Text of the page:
aerosols act as an insolation-reflecting haze in clear-sky conditions, cooling Earth’s surface. However, some aerosols (especially black carbon) readily absorb radiation and reradiate heat back toward Earth—with warming effects. Global dimming is the general term describing the pollution-related decline in insolation to Earth’s surface. This process is difficult to incorporate into climate models, although evidence shows that it is causing an underestimation of the actual amount of warming happening in Earth’s lower atmosphere. One recent study estimates that aerosols reduced surface insolation by 20% during the first decade of this century. The connections between pollution and cooling of Earth’s surface provide an example of how components of the Earth energy budget affect other Earth systems. Scientists have discovered that air pollution over the northern Indian Ocean causes a reduction in average summer monsoon precipitation. The increased presence of aerosols in this region increases cloud cover, causing surface cooling. This in turn causes less evaporation, which leads to less moisture in the atmosphere

Geo report 4.2  Aerosols cool and warm Earth’s climate Ground and satellite measurements indicate that global stratospheric aerosols increased 7% from 2000 to 2010. The effect of aerosols on climate depends on whether they reflect or absorb insolation, which in turn depends in part on the composition and color of the particles. In general terms, brightly colored or translucent particles such as sulfates and nitrates tend to reflect radiation, with cooling effects. Darker aerosols such as black carbon absorb radiation, with warming effects (although black carbon also shades the surface, with slight cooling effects). The effects of dust are variable, depending in part on whether it is coated with black or organic carbon. One recent climate model showed that removing all aerosols over the eastern United States could lead to a slight average increase in warming and an increase in the severity of annual heat waves. Research into the complex role of these tiny atmospheric particles in energy budgets is critical for understanding climate change.

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118 part I  The Energy–­Atmosphere System

and in the monsoonal flow (read more about monsoons in Chapter 6). A weakening of the seasonal monsoon will have a negative impact on regional water resources and agriculture in this densely populated area. Recent research by an international team confirmed connections between aerosols and rainfall patterns, and suggests that increased aerosols make some regions more prone to extreme precipitation events. (An overview of the effects of aerosols is at http://earthobservatory.nasa .gov/Features/Aerosols/page1.php; information about aerosol monitoring is at http://www.esrl.noaa.gov/gmd/aero/.)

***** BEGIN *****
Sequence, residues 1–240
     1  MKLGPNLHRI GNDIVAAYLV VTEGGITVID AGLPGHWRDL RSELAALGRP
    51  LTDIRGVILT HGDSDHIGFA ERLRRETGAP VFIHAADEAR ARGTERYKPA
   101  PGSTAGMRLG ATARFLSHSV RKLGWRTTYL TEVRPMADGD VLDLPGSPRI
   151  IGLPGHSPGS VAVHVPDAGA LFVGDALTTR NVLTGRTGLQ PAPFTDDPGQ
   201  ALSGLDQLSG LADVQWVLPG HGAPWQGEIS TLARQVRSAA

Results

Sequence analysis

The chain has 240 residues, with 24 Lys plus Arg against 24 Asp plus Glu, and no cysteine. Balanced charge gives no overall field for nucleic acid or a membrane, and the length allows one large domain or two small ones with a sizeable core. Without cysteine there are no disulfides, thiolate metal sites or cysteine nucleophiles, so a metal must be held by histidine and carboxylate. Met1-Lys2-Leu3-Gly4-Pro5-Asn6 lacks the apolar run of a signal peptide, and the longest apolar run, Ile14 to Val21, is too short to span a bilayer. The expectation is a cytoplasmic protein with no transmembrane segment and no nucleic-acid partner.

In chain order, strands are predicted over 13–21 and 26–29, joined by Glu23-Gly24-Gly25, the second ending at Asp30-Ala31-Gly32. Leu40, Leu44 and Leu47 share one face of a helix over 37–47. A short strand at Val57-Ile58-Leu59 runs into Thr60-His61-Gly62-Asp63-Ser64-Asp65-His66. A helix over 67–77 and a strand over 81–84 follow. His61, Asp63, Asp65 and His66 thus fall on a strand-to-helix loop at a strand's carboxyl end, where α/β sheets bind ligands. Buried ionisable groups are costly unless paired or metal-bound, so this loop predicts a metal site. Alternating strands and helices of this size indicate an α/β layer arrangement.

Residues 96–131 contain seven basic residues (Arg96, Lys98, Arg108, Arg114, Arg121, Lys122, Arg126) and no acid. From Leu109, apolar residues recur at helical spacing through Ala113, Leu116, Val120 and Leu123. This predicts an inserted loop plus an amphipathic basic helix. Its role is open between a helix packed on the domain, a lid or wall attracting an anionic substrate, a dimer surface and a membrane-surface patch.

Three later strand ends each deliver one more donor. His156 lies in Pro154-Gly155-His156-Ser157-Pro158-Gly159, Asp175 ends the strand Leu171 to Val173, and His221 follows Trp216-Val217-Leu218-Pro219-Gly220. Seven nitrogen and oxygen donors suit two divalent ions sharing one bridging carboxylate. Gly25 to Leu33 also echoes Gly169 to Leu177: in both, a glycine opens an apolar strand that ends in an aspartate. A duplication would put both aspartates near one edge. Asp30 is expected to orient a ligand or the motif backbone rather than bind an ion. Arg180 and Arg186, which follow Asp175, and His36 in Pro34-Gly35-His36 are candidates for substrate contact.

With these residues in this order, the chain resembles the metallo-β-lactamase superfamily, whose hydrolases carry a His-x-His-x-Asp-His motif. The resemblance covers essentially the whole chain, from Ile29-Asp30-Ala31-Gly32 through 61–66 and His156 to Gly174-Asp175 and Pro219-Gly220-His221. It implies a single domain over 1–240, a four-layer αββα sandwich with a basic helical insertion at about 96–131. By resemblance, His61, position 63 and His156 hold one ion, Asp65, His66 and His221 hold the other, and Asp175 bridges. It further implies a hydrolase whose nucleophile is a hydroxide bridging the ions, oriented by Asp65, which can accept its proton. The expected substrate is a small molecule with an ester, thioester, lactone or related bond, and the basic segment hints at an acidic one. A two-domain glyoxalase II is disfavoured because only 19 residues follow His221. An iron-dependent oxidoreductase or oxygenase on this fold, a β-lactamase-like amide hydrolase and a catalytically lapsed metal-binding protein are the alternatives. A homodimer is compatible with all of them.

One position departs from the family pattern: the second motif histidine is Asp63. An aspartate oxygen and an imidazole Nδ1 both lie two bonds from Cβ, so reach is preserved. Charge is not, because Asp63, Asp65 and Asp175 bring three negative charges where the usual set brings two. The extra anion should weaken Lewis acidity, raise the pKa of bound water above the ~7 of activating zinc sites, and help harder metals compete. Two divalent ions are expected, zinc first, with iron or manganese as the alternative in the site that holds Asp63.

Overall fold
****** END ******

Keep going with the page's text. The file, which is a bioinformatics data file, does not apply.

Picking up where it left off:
Energy Balance in the Troposphere The Earth–atmosphere energy system budget naturally balances itself in a steady-state equilibrium. The inputs of shortwave energy to Earth’s atmosphere and surface from the Sun are eventually balanced by the outputs of shortwave energy reflected and longwave energy emitted from Earth’s atmosphere and surface back to space. Think of cash flows into and out of a checking account, and the balance that results when cash deposits and withdrawals are equal (see Figure GIA 4). Certain gases in the atmosphere effectively delay longwave energy losses to space and act to warm the lower atmosphere. In this section, we examine this “greenhouse” effect and then develop an overall, detailed energy budget for the troposphere.

The Greenhouse Effect and Atmospheric Warming In Chapter 2, we characterized Earth as a cooler blackbody radiator than the Sun, emitting energy in longer wavelengths from its surface and atmosphere toward space. However, some of this longwave radiation is absorbed by carbon dioxide, water vapor, methane, nitrous oxide, chlorofluorocarbons (CFCs), and other gases in the lower atmosphere and then emitted back, or reradiated, toward Earth. This process affects the heating of Earth’s atmosphere. The rough similarity between this process and the way a greenhouse operates gives the process its name—the greenhouse effect. The gases associated with this process are collectively termed greenhouse gases.

The “Greenhouse” Concept In a greenhouse, the glass is transparent to shortwave insolation, allowing light to pass through to the soil, plants, and materials inside, where absorption and conduction take place. The absorbed energy is then emitted as longwave radiation, warming the air inside the greenhouse. The glass physically traps both the longer wavelengths and the warmed air inside the greenhouse, preventing it from mixing with cooler outside air. Thus, the glass acts as a one-way filter, allowing the shortwave energy